21st Century Skills do not replace content knowledge. Rather, they are complementary building blocks to help students gain knowledge in ways that are more engaging. The convergence of data, voice, graphics, and live ...
"Yesterday, I wrote a short post about Kwiqpoll. After that post was published I got a few requests for suggestions about other web-based polling/ survey tools. Here are eleven other ways you can conduct polls and surveys online."
Have you checked out a book from your public library and read it on your iPad yet? You didn’t know you could do that? It’s possible for library patrons to borrow books from their public library, read them on the iPad’s gorgeous screen, all without leaving home or ever having to worry about an overdue library book.
The majority of public libraries offer digital media to their patrons. As e-readers and tablets become more popular, it is likely that the amount of digital content available to readers will increase, as will public libraries’ commitment to invest in digital content. (USA)
"I have jumped onto the Flipped Classroom craze to take the opportunity to propose and discuss an experiential model of education (ala John Dewey and Kurt Hahn), one that has experience at its core and provides learning options for all types of learners. In this model, the videos, as they are discussed in the flipped classroom. support the learning rather than drive it.
My series on the Flipped Classroom – The Full Picture includes the following posts:
The Flipped Classroom Model: A Full Picture Flipped Classroom: The Full Picture for Higher Education Flipped Classroom Full Picture: An Example Lesson UDL and The Flipped Classroom: The Full Picture"
Here’s some ammunition for what often turns into a pitched, take-sides verbal brawl as well-intended teachers try to come to a compromise on using Twitter (in fact, many of the new Web 2.0 tools–blogs, wikis, websites that require registrations and log-ins, discussion forums. You can probably add to this list) that works for all stakeholders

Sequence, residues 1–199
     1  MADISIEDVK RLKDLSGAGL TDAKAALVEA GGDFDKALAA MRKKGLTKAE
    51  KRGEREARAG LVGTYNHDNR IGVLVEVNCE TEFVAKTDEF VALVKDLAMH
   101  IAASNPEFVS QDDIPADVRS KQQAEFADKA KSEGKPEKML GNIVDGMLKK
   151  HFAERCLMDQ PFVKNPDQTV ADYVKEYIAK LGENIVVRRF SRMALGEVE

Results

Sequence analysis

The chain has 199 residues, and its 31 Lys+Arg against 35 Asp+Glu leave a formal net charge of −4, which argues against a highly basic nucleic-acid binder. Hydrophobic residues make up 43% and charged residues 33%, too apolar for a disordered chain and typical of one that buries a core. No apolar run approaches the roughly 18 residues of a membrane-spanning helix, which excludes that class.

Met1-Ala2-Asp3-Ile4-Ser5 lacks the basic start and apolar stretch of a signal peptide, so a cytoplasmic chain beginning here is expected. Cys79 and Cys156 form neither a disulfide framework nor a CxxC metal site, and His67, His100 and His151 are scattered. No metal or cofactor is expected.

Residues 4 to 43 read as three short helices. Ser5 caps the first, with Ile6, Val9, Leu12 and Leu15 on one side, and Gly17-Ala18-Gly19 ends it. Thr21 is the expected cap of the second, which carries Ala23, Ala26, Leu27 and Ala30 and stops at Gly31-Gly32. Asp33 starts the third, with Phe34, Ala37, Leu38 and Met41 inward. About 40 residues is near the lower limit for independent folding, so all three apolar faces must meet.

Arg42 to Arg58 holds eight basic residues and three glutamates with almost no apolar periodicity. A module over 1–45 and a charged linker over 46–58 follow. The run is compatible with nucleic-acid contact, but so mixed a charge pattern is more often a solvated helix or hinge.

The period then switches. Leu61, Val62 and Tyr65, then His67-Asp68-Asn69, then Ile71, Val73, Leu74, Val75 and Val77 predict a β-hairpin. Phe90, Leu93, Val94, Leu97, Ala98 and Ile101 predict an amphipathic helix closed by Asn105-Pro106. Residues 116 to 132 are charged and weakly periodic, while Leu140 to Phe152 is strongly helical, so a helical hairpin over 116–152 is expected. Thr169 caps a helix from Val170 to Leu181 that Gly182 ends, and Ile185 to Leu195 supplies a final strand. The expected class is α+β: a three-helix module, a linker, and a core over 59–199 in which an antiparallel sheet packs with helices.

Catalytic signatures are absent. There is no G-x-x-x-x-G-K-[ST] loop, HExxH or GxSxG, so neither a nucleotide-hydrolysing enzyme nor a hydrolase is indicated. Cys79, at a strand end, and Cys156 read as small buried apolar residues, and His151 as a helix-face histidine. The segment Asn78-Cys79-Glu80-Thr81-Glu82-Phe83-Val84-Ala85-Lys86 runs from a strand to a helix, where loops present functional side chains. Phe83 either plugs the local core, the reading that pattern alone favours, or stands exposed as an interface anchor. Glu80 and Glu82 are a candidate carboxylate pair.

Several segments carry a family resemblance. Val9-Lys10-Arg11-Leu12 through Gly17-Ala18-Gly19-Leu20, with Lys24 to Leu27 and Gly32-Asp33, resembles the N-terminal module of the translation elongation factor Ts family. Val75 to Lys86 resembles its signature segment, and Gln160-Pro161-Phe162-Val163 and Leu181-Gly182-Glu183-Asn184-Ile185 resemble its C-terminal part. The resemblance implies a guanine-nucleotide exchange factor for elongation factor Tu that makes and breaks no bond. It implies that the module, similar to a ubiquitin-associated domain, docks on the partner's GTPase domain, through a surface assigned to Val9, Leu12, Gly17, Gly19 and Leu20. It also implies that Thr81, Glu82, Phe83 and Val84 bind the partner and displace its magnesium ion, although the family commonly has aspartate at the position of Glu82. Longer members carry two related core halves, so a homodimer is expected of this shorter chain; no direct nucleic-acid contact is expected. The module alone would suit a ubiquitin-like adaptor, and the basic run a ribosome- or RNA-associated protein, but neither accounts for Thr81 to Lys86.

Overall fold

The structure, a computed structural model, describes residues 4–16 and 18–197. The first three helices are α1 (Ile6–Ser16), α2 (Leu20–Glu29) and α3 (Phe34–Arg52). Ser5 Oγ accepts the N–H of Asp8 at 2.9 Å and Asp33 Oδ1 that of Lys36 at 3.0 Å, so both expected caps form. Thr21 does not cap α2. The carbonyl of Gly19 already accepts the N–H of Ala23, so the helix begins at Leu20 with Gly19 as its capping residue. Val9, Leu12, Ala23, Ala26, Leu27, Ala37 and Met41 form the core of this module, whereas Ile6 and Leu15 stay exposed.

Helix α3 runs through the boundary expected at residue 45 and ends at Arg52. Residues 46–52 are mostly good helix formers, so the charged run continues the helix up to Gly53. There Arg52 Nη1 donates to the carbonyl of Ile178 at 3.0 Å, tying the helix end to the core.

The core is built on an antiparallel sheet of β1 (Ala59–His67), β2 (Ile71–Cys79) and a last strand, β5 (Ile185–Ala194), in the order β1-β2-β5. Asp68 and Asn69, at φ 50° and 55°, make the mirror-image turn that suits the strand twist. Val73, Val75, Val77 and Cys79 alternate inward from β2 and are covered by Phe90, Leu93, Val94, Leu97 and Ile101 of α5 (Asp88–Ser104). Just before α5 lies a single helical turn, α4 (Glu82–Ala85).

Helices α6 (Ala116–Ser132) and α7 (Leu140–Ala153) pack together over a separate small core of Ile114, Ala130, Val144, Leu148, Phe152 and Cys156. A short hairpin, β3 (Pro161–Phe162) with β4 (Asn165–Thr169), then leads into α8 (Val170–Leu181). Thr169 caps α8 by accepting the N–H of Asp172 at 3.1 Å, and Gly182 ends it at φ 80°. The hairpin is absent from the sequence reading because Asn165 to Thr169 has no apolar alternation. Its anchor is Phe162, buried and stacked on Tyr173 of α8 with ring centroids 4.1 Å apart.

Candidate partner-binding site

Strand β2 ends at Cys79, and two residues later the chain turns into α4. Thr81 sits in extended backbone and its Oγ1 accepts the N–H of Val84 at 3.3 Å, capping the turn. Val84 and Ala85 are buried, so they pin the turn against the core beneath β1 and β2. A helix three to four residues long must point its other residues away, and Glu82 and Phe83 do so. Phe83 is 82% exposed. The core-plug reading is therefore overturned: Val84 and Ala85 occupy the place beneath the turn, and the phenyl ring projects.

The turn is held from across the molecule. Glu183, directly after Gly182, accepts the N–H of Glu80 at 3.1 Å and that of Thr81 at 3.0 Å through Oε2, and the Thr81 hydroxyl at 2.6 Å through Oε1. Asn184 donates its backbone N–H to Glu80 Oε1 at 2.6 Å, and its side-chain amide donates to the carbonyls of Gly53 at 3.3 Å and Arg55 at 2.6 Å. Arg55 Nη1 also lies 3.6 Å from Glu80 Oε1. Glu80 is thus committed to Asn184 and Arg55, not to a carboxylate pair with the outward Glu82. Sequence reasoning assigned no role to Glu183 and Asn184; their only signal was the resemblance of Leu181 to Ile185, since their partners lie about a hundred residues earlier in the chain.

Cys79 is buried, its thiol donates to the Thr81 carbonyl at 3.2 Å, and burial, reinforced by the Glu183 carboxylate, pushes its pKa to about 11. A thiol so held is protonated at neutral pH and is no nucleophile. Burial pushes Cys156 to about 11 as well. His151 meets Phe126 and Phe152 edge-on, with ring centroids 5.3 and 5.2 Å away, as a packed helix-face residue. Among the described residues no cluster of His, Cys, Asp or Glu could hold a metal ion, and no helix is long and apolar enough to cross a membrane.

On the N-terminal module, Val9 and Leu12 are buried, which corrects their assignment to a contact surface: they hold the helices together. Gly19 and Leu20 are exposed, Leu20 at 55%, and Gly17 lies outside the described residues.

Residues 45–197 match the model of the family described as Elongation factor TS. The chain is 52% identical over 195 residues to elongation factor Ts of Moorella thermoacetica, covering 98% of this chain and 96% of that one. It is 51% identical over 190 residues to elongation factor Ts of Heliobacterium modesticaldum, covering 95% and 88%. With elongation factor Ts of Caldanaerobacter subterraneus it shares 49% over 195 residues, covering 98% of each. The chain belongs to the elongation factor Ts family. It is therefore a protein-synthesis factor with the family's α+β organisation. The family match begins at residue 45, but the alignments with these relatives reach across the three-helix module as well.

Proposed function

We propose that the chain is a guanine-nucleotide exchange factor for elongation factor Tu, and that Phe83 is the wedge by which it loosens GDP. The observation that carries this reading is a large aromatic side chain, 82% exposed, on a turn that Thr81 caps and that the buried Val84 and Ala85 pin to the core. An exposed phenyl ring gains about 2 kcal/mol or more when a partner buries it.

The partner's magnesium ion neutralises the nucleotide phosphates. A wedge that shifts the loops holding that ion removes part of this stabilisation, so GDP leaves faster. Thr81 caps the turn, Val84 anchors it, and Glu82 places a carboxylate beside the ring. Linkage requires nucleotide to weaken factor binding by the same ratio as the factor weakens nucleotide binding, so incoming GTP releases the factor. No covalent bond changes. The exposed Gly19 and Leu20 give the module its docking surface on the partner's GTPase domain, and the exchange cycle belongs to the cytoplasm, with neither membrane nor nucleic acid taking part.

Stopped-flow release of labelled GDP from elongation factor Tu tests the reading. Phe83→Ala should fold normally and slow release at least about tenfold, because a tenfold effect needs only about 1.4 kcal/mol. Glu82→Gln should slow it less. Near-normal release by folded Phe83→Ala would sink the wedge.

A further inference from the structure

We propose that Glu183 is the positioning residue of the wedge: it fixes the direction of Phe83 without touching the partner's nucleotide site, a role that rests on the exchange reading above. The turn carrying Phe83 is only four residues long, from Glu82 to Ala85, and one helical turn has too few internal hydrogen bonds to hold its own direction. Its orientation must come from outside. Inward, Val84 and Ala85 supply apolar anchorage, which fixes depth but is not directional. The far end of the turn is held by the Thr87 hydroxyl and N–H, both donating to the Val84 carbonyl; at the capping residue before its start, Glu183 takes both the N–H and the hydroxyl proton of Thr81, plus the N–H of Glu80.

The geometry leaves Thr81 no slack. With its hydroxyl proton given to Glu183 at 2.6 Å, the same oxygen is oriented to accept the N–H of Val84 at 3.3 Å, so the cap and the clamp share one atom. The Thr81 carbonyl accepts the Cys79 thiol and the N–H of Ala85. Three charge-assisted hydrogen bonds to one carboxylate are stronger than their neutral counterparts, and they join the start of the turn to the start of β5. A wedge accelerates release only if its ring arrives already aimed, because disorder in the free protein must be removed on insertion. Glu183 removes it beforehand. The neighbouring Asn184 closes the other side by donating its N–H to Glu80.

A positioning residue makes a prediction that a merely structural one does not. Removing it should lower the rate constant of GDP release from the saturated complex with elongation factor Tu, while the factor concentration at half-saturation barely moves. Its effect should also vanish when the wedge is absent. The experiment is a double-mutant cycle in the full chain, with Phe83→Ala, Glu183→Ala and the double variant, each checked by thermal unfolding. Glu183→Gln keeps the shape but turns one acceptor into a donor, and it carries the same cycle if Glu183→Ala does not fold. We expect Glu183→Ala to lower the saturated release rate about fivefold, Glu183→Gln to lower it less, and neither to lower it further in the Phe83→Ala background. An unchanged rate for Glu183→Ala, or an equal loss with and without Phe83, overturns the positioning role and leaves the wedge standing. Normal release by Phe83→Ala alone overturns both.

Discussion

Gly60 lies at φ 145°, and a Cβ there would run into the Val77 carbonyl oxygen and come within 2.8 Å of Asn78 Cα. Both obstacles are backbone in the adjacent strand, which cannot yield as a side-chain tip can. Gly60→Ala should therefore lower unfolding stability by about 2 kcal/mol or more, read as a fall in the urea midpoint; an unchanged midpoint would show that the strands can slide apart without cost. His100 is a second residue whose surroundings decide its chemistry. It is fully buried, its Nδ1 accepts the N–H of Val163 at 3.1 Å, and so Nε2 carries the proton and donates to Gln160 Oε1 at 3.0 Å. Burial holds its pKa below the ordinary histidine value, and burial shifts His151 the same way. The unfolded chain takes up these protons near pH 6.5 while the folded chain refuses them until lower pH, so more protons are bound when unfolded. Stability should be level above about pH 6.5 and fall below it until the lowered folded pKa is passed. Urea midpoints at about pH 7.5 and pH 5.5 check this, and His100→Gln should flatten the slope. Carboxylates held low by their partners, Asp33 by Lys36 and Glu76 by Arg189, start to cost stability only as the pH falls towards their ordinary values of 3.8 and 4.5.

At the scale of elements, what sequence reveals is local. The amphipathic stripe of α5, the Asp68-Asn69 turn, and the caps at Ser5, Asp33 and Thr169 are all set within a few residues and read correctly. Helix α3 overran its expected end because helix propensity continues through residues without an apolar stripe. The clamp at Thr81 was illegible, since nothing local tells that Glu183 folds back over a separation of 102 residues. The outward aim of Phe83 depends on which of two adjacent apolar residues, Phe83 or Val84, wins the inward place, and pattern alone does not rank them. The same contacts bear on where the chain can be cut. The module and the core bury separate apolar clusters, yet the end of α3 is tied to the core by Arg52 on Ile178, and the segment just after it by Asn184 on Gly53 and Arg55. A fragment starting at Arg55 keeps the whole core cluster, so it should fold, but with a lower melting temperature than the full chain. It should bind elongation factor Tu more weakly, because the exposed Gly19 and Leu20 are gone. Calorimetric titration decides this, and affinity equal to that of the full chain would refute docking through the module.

On this site you will find my favourite links to free on-line services that allow you to provide your students with enhanced learning opportunities which you can then embed into, or link from, your school/college/university's website, course blog...
This is Part 3 of a four part series. In this post Step 6 and 7 are presented. Step 6 suggest that you include an advance organizer to help students apply their past knowledge and connect it to their new knowledge. A wide range of suggestions are provided as well as recources to help you with Advance Organizer.
Step 7 discuses how to incorporate formative learning and assessment. There is a discussion on formative assessments as well as a wide variety of additional resources. Links to the first two posts in this series in in this post (and they are also posted in this Scoop.it).
This is a very precise guide to using Scoop.it that Shirley Williams published on Social Media Pearls. We love the way she shared her introduction to Scoop.it:
"First, Let me share a story on my introduction to Scoop.it. I wrote a blogpost on “storytelling”. I received a trackback to Scoop.it. I followed it to find a curated post by Karen Dietz sharing her perspective and summary of my post with my link still intact. I used this new platform to thank her and started following her web-magazine (Just Story It). The outcome: Karen gained a new targeted follower and I gained new traffic to my site. Another curator, Martin Gysler did exactly the same; I really liked his posts and I started to follow him but this time I joined Scoop.it!"
A lot of you have commented on why you liked Scoop.it first because it was simple but stocked to it because of the community it provided. We love to see that happen!
I know this statement sounds heretical in the realms of education, but I think this is something we should rethink, especially since it is so widely taught to pre-service teachers. I agree that the taxonomy accurately classifies various types of cognitive thinking skills. It certainly identifies the different levels of complexity. But its organizing framework is dead wrong. Here’s why."